This historic city library is inspiring a new generation of readers

The 200-year-old Madras Literary Society, home to over 65,000 books, is being instrumental in inculcating reading habits among the children and young adults through storytelling and other workshops.
This historic city library is inspiring a new generation of readers


Located in the Directorate of Public Instruction (DPI) campus on the bustling College Road in Nungambakkam is the 200-year-old Madras Literary Society, one of Chennai’s well-preserved gems. With a colonial-style structure featuring minarets, tiny yet charming false balconies, and mammoth book shelves filled with sweet-smelling old texts running from the floor all the way up to a nearly 50-foot high ceiling, the building oozes a yesteryear charm. Since its inception in 1812, the library run by the Society has been housing over 65,000 books, with some of the oldest residents being more than 300 years old, like texts on the Buckingham Canal, Greek philosopher Aristotle and English physicist Isaac Newton. Apart from housing some of the world’s most influential books, the library has taken it upon itself to inspire the city’s younger generation to find joy in reading through activities like storytelling, group reading and ‘find a book’.

“Even in the time of internet, there is a tremendous excitement one gets from reading a book, especially if it is filled with pictures. While a section of adults may have moved on to reading via digital media, they still have a soft corner for a physical book. We are mainly targeting children through our initiatives because if we manage to inspire children to read more, we inspire a whole generation and get them to read for many decades. Over the past two years, we have held over 20 events for children alone, including book reading sessions, storytelling, historic walks, among others. Children love coming back to the library and being surrounded by books,” the Madras Literary Society’s General Secretary Thirupurasundari Sevvel tells DT Next.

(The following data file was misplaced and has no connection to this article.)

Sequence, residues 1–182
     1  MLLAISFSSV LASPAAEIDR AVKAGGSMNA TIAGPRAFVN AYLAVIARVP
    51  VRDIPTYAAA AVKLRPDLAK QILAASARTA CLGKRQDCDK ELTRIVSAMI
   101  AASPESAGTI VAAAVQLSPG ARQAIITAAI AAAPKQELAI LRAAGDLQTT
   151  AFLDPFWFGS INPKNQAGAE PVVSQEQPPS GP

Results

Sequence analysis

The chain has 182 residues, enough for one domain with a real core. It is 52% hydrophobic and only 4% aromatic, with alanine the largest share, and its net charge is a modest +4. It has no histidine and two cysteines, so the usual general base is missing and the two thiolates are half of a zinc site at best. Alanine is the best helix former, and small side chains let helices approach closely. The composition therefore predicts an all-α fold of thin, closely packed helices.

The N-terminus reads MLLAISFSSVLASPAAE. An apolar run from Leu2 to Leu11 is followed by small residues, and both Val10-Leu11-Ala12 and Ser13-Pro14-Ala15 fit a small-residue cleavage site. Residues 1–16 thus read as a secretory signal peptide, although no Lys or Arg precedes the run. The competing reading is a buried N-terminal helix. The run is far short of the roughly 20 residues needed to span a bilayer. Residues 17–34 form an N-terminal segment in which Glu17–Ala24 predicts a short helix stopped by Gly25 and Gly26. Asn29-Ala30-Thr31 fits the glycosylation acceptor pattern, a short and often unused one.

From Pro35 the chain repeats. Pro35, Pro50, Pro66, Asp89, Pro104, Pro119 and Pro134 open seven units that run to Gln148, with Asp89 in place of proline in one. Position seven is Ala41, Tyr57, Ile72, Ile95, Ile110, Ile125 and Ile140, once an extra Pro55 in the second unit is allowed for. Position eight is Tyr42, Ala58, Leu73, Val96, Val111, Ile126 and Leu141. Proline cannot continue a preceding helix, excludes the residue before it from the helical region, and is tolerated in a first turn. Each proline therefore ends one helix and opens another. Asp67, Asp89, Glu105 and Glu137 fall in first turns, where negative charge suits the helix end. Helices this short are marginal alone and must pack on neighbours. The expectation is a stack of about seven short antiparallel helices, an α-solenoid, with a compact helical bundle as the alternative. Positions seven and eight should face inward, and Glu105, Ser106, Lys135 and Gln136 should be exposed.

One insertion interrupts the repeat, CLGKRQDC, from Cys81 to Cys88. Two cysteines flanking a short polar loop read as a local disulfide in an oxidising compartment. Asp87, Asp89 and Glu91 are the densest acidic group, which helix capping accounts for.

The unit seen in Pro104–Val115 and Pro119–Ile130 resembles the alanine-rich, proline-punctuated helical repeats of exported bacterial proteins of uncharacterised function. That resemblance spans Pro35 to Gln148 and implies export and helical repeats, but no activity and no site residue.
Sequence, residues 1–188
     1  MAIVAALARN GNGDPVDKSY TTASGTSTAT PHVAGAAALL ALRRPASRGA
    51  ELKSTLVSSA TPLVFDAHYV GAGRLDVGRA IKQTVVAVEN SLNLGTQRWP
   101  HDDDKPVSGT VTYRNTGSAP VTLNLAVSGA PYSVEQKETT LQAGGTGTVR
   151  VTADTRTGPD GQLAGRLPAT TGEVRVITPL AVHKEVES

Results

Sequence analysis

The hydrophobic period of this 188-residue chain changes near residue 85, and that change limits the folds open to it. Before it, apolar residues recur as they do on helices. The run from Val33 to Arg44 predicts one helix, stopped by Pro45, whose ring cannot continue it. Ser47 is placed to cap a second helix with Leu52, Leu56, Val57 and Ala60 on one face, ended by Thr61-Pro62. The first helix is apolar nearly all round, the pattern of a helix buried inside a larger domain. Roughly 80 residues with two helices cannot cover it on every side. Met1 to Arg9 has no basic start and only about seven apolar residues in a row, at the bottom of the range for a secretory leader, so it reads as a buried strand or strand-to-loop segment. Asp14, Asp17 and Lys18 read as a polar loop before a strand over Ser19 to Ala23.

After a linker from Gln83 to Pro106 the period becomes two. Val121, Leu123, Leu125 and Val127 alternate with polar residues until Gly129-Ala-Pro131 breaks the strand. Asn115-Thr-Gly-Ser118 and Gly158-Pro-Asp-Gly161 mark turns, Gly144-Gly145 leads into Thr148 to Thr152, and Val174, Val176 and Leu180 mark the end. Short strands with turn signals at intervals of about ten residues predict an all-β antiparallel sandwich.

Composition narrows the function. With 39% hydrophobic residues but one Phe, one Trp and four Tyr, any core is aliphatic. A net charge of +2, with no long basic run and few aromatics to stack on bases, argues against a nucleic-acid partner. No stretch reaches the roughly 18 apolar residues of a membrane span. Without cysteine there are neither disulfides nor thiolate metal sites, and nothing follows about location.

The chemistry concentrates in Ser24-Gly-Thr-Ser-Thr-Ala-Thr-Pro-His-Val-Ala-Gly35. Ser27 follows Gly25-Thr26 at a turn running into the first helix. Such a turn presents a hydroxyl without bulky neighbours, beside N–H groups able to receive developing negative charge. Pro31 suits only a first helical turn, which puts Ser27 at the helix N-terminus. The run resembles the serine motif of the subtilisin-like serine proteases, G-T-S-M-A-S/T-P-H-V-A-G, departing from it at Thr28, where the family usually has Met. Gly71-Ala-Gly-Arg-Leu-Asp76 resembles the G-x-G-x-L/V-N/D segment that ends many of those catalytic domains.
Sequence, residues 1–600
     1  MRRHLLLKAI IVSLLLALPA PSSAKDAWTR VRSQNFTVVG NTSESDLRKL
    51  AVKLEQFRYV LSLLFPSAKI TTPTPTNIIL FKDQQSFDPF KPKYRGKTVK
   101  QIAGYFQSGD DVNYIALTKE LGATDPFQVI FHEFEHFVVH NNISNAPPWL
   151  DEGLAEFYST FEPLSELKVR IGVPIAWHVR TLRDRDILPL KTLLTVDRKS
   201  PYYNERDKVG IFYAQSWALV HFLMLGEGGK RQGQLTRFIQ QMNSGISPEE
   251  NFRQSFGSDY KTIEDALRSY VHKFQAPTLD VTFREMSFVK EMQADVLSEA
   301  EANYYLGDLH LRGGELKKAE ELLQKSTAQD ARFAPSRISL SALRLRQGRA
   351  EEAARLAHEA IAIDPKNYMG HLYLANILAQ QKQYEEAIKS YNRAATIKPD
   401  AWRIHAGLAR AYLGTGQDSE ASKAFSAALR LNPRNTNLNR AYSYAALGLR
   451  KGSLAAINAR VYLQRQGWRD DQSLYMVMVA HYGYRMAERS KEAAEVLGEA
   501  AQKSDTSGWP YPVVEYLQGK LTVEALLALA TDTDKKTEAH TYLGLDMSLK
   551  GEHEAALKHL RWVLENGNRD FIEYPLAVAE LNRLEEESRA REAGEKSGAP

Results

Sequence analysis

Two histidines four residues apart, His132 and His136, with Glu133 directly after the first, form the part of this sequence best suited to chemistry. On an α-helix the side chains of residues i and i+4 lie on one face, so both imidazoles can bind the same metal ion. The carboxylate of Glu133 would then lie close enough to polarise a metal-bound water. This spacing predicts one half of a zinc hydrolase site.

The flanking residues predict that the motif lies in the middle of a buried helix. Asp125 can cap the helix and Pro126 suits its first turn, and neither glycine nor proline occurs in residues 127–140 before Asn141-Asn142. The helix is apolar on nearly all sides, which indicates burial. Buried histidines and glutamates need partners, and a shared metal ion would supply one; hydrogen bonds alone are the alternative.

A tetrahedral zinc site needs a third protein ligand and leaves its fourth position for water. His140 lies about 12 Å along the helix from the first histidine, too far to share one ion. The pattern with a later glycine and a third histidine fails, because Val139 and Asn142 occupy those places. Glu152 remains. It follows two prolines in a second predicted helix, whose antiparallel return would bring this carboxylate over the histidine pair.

Soon as one enters the library, he or she is sure to be greeted by the librarian V Uma Maheswari’s warm smile. Over the past 20 years that she has been working at the library, her enthusiasm about “We have been cataloguing all the books housed at the library, which is a detailed process of maintaining manual logs. School children and college students also volunteer to help us with the process, by cleaning the books, writingthe catalogue cards and classifying the texts based on their genres. We love having children over at thelibrary and taking part in quizzes, games like locating a book in the library,” says Uma.

Through some of their other initiatives like ‘adopt a book’ and ‘adopt furniture’, students and adults can contribute monetarily to the restoration of any old book, or a piece of furniture at the library, and help in extending its lifespan. Students can also volunteer at the library for a few years and assist in the cataloguing process. The library, run purely on memberships and donations by one full-time and two part-time staff members, hopes to receive the support of more people to care for the ageing texts that chronicle history. 

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